First published June 2, 2008 - More info
Although scientists today rely on the World Wide Web to help them with their research, mainly using it to search for information, newer capabilities such as blogging, tagging, and social networking are only just beginning to be exploited by scientists.
Over the past few years, the changes that have taken place in the ways that the World Wide Web is used are epitomized by the dramatic increase in the number of social-networking websites (communities of people who share information), wikis (collections of web pages that can be added to and modified by anyone who has access to them), and blogs (websites with regular entries on a particular subject or by a particular individual). Although there have been no technical upgrades to facilitate this new use of the World Wide Web to share and edit information as well as to collaborate, the new capabilities have been termed Web 2.0.
The MalariaEngage website currently highlights seven research projects being conducted by scientists at the NIMR in Tanzania. Each addresses a different aspect of research into malaria treatment and/or prevention, ranging from how to improve the use of insecticide-treated bed nets to assessing whether judicious planting of vegetation with mosquito-repellent properties might provide benefit. Peter A. Singer, one of the MRC researchers responsible for the website, was keen to stress to the JCI that the highlighted projects were chosen by the NIMR in Tanzania after a competitive internal peer review of proposals. Singer believes ensuring that scientific accountability for the projects remains with the NIMR in Tanzania is key to the aims of the MalariaEngage project — supporting African scientists.
Although the use of Web 2.0 tools enables individuals visiting the site to make donations directly to an individual research project, the website is not purely a way to seek investment. Indeed, Singer says the main idea behind the website is to engage with a group of people he feels was falling through the cracks in the global effort to control malaria — African scientists looking to address questions not otherwise being asked. Each research project has several areas powered by Web 2.0 tools to facilitate this, including a discussion forum where interested parties can interact with each other and the researchers and a site where advances in the research will be posted.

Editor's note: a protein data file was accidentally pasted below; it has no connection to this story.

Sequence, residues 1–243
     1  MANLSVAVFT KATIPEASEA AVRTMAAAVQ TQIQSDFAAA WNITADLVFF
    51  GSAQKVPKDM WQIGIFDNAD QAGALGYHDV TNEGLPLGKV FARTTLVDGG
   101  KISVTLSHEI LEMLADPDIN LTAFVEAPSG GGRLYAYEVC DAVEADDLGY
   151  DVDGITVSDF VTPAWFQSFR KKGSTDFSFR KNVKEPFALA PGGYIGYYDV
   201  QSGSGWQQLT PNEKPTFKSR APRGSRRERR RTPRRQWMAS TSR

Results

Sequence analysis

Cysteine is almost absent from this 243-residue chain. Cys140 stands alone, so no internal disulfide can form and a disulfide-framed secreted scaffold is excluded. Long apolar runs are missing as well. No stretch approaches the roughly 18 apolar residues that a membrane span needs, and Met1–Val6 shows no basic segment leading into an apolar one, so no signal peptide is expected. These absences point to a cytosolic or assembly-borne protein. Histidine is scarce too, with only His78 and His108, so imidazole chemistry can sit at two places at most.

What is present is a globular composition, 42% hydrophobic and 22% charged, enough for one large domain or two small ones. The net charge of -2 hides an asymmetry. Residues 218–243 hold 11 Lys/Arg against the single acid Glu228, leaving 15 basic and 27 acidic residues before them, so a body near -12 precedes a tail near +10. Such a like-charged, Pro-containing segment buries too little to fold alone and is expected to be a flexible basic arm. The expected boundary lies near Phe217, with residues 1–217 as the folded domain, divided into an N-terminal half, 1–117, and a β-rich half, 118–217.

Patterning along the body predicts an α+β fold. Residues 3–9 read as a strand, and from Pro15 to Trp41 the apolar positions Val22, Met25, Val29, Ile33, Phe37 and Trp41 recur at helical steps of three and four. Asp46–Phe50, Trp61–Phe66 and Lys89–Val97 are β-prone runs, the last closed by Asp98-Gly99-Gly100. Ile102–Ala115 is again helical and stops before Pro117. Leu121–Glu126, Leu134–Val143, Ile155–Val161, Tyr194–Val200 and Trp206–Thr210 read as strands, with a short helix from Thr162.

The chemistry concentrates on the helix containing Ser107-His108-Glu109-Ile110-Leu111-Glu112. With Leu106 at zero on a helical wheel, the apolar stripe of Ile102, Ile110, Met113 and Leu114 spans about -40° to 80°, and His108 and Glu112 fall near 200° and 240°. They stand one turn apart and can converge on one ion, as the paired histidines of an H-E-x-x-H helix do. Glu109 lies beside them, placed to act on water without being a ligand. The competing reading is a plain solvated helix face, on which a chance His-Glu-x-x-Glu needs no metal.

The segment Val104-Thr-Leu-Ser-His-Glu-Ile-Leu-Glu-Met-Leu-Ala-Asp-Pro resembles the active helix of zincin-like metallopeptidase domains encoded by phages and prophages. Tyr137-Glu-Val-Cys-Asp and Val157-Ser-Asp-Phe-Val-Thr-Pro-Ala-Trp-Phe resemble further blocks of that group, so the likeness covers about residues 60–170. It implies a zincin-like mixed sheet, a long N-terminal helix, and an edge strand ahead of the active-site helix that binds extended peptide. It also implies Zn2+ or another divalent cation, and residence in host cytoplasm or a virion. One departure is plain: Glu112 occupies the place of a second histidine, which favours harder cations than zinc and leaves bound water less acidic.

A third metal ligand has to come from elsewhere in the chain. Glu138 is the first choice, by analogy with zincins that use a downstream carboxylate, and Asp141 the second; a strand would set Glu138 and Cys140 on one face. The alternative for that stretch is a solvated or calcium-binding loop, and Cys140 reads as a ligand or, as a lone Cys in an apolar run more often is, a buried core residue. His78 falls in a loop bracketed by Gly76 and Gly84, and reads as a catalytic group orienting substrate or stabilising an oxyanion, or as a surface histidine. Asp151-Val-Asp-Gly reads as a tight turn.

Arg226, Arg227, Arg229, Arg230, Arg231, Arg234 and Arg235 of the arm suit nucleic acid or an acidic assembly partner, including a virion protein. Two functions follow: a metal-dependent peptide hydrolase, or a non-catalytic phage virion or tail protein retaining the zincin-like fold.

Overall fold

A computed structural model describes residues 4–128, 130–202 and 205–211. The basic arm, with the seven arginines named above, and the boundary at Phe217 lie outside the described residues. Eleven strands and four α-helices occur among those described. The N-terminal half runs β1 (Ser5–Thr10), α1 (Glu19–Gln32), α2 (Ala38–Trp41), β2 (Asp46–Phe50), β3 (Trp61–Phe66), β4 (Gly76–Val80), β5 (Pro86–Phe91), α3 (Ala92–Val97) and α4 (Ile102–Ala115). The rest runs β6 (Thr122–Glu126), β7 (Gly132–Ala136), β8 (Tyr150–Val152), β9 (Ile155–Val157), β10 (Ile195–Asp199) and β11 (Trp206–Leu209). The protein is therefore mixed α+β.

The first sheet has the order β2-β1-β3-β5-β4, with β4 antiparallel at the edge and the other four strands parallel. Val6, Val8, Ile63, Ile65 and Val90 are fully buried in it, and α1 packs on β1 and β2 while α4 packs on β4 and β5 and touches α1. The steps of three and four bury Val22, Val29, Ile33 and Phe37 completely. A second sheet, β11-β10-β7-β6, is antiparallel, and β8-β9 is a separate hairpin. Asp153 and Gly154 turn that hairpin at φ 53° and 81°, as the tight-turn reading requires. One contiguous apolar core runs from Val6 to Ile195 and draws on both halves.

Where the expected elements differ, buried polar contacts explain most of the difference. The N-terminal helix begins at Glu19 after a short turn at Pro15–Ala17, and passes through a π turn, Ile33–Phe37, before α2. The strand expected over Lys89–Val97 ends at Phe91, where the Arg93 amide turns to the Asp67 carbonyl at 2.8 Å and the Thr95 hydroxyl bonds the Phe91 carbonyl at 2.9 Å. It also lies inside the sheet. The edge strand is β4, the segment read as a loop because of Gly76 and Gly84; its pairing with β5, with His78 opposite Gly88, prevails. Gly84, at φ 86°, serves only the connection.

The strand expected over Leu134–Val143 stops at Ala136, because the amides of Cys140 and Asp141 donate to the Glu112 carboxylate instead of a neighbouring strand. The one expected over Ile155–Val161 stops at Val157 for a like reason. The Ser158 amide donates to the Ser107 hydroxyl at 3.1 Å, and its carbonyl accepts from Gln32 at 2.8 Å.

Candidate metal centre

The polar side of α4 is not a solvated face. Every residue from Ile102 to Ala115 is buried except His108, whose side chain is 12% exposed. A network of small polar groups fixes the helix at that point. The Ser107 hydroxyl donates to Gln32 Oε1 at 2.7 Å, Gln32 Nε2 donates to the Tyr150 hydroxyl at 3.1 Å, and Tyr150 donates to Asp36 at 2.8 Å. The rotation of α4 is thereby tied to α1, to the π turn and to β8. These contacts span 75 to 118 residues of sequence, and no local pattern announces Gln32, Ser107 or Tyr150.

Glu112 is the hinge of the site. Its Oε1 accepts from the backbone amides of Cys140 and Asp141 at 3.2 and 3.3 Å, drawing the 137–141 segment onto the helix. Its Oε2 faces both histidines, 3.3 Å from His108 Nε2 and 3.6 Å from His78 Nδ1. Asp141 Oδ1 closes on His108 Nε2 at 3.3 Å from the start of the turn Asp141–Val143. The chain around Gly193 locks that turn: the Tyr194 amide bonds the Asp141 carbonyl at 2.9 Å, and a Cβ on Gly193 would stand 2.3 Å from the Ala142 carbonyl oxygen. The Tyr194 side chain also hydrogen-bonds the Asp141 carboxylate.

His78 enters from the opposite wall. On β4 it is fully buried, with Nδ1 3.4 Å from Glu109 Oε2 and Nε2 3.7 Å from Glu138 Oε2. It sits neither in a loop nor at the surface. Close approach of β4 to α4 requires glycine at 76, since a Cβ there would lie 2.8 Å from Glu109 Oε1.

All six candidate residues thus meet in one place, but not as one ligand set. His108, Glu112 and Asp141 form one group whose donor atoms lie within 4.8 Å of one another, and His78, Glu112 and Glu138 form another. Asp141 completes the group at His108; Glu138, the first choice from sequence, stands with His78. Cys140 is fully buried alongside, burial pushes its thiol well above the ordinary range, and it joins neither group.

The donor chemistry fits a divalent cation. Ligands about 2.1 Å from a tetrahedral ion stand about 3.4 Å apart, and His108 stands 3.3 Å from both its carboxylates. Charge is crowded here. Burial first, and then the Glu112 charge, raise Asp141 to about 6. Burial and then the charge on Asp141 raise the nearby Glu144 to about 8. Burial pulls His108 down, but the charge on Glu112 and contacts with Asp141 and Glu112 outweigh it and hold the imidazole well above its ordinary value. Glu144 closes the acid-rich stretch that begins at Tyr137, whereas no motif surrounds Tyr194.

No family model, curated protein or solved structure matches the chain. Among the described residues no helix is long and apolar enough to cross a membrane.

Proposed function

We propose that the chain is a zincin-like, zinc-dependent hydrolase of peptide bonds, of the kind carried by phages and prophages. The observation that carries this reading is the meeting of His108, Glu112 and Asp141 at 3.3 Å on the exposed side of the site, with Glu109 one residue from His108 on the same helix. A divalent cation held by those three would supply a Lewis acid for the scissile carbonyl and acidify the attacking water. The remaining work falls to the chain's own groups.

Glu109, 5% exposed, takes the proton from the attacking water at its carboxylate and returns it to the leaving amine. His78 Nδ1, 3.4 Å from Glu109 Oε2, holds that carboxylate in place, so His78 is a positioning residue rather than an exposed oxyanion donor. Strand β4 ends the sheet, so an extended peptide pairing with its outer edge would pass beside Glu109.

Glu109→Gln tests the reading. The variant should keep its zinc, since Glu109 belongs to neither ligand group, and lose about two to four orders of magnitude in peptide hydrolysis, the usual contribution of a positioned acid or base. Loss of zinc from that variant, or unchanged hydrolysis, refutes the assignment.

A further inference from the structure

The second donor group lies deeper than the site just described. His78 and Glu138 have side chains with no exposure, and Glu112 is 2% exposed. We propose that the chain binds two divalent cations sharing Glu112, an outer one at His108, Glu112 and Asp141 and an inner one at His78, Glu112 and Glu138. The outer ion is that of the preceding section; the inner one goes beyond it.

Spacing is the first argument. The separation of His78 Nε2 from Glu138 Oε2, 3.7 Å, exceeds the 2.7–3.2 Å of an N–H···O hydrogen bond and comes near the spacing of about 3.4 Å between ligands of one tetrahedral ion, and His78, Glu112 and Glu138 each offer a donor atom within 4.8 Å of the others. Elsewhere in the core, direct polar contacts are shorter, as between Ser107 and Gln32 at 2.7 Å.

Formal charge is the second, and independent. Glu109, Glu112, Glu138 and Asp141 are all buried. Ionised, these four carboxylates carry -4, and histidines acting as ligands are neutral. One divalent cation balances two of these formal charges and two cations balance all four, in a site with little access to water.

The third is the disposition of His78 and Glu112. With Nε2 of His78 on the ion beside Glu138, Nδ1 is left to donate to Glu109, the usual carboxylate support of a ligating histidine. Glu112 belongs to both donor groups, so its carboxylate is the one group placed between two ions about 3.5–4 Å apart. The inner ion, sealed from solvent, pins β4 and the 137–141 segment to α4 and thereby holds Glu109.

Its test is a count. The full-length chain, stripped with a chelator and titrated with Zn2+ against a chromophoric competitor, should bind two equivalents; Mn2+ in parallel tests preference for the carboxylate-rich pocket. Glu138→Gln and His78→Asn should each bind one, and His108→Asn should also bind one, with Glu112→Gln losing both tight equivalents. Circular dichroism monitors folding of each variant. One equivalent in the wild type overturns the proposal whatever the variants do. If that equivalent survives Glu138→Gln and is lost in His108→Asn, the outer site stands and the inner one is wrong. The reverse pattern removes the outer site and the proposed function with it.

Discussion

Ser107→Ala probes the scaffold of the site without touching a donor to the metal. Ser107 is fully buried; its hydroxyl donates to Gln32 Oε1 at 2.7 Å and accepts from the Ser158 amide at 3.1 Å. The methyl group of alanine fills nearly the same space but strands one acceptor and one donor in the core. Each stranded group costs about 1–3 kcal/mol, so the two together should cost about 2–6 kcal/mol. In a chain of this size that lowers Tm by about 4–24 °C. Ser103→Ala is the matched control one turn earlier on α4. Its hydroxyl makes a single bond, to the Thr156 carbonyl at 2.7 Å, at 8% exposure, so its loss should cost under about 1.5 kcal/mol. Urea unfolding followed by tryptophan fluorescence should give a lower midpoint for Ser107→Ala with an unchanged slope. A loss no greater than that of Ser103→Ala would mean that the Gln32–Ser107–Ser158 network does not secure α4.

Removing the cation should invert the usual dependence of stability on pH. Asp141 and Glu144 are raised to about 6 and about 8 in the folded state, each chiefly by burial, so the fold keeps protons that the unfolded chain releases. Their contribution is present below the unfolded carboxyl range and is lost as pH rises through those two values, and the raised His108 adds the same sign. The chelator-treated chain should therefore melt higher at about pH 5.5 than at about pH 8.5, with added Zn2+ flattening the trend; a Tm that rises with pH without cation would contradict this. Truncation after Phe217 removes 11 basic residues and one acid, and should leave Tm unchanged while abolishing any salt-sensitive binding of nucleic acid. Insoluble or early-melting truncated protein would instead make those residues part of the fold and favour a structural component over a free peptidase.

One criticism of the website, raised by Anna Wang, public affairs officer with the Medicines for Malaria Venture in Geneva, is that it is hard for those who are not scientists or clinicians to evaluate the scientific merit of the projects (1). However, Singer counters that this should not be a problem because individuals can use the Web 2.0 capabilities of the website to ask the scientists directly what they are doing and why.
Another way some scientists are exploiting Web 2.0 tools is sharing detailed information about their protocols and results (positive and negative) online. Many of these sites are wikis that users say promote the sharing of information and collaboration between users. One widely used wiki is www.OpenWetWare.org, a website created in 2005 by graduate students in two laboratories at the Massachusetts Institute of Technology as a way to keep the laboratory websites up to date. However, it soon became a place to share information about protocols, and it has now grown to a dynamic resource providing insight into many things including protocols, college courses, conferences, and careers.
Users of OpenWetWare, such as Maureen Hoatlin, an assistant professor at Oregon Health & Science University, say they love the interaction among users and believe that it has a tremendous power to move science forward (2). But many other scientists remain skeptical about the degree of openness provided by wikis, fearing they will get scooped and lose the credit for a new discovery. Even supporters of these sites acknowledge that there are issues created by the openness of wikis that need to be addressed. For example, Jean-Claude Bradley, an associate professor in the Department of Chemistry at Drexel University who created his own laboratory wiki ( www.usefulchem.wikispaces.com), says that until issues such as whether a wiki posting constitutes proof of priority for filing a patent is sorted out, “the typical legal advice is: do not disclose your ideas before you file” (2).